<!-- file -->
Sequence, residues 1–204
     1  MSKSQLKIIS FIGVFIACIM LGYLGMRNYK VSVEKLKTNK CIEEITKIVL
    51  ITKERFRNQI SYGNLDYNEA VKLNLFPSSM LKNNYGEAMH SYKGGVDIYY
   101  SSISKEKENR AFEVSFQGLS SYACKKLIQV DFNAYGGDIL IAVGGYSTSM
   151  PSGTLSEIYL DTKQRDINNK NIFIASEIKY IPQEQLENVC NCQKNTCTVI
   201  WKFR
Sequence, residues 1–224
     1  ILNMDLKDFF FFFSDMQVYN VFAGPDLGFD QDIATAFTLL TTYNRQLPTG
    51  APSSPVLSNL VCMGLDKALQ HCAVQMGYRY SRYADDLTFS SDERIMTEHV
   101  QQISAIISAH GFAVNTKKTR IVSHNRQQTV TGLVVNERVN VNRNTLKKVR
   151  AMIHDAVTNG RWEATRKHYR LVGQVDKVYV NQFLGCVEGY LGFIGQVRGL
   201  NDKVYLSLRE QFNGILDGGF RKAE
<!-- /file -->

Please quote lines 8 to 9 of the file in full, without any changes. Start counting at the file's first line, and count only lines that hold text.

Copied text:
     1  ILNMDLKDFF FFFSDMQVYN VFAGPDLGFD QDIATAFTLL TTYNRQLPTG
    51  APSSPVLSNL VCMGLDKALQ HCAVQMGYRY SRYADDLTFS SDERIMTEHV